Lower amounts of snowfall presage dangers and pitfalls of pile burning and broadcast burning in a drying climate. At the same time, too much snow in parts of the Rockies, as well as health concerns about smoke, are limiting prescribed burning efforts in different ways. As a result, the Forest Service’s recently announced “Wildfire Climate Strategy” is facing challenges.
Santa Fe National Forest has released previously unavailable documents which were cited in the “Literature Cited” section of the project’s environmental assessment. Topics include air quality, cultural resources, Inventoried Roadless Areas, and much more. Browse the literature.
Wildfire Today: Findings from a new study led by Oregon State University contradicts the common narrative of destructive wildfire igniting on remote public land before spreading to threaten communities. The 22,000 fire study found that fires crossing jurisdictional boundaries are primarily caused by people on private property.
The New Mexico Forest and Watershed Restoration Institute will oversee creating a national database to gauge how well methods such as prescribed burns and tree thinning prevent wildfires and improve forests’ health. The effort will be funded by $20 million over five years out of the $5.4 billion allocated by the 2021 Infrastructure Investment and Jobs Act towards wildfire mitigation and forest restoration.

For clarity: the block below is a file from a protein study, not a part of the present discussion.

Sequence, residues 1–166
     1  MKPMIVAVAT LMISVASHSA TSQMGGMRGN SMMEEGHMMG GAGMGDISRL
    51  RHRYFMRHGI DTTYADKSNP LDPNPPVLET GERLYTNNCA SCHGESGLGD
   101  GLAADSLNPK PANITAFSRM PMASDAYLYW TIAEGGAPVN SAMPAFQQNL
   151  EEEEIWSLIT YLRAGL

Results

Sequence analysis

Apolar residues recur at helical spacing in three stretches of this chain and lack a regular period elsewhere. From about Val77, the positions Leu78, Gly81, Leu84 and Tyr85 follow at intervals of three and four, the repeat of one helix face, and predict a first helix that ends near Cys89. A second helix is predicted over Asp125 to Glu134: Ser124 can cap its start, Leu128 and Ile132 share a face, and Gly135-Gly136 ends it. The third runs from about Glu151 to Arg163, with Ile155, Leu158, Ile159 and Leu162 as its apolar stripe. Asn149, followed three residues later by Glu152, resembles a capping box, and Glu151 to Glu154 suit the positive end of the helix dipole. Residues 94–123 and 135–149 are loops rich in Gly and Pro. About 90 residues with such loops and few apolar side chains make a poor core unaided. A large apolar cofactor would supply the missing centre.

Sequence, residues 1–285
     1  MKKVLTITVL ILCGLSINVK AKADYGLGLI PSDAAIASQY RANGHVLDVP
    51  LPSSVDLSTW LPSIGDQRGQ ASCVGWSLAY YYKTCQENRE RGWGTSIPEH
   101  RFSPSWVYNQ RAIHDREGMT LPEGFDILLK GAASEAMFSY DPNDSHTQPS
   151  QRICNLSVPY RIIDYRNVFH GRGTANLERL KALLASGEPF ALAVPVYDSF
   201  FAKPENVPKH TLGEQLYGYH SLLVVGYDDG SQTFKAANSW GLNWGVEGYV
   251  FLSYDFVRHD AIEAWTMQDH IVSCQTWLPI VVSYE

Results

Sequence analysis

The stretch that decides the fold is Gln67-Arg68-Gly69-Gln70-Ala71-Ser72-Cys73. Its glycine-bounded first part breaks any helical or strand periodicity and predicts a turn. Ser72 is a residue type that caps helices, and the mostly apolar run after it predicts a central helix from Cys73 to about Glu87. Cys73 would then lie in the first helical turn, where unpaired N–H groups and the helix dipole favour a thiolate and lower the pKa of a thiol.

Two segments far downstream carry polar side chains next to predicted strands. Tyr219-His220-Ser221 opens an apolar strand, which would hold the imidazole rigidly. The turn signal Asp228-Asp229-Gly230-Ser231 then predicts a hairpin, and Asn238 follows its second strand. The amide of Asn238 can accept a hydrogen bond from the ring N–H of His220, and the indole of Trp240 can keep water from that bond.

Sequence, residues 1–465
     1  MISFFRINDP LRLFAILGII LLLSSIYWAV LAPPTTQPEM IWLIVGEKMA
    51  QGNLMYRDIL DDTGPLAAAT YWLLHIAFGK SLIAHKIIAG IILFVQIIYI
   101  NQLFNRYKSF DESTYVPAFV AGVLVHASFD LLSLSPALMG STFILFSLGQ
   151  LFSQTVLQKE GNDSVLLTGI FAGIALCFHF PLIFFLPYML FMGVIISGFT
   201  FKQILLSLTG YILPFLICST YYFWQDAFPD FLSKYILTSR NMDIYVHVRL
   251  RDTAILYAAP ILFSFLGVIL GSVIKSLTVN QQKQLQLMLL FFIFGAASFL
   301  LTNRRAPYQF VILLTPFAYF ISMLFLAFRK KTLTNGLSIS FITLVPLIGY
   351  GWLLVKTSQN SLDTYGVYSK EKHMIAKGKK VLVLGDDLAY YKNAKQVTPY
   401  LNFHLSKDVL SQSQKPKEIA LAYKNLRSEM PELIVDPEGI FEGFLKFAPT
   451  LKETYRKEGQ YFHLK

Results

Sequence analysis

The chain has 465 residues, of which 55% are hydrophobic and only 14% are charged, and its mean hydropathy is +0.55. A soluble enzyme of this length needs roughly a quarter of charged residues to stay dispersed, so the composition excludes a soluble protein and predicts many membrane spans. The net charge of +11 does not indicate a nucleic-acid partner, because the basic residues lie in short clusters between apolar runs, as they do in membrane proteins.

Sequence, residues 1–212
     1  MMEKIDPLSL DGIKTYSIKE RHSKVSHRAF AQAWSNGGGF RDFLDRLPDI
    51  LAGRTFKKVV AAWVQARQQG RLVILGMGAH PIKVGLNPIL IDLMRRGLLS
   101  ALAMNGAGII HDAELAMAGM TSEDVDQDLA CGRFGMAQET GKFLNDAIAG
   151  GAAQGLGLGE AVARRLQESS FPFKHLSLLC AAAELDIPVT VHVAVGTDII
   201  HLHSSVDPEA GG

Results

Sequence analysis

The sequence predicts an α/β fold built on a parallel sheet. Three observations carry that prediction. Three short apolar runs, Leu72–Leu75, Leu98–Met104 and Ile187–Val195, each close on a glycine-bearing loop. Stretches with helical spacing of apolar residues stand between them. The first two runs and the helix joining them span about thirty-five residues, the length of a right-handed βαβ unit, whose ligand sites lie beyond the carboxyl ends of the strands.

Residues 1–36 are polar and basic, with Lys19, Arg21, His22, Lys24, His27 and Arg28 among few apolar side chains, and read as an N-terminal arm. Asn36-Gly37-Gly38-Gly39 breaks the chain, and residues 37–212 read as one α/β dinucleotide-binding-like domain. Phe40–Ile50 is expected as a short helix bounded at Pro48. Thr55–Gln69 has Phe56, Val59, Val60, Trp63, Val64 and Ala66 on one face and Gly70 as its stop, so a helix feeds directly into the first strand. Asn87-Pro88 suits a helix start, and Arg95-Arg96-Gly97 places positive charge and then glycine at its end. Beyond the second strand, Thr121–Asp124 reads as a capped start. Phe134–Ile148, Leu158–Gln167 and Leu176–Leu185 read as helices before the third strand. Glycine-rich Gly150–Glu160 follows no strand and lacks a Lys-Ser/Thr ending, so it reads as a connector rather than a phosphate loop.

George Wuerthner’s words from 2018 are resonating today more than ever: “As a generalization, there is overwhelming representation in such collaboratives by people who speak for the resource extraction industry or their sympathizers… Those advocating for Nature are seldom present or only weakly represented by the larger environmental groups.”
“According to proponents, a ‘hundred years of fire suppression’ has permitted the build-up of fuels, and by their assertion, more fuel results in larger conflagrations.
However, at best, this ‘fire suppression’ narrative is hyperbole.”
Read George Wuerthner’s deconstruction of the dominant narrative — in Counterpunch.
The Forest Advocate
Santa Fe, New Mexico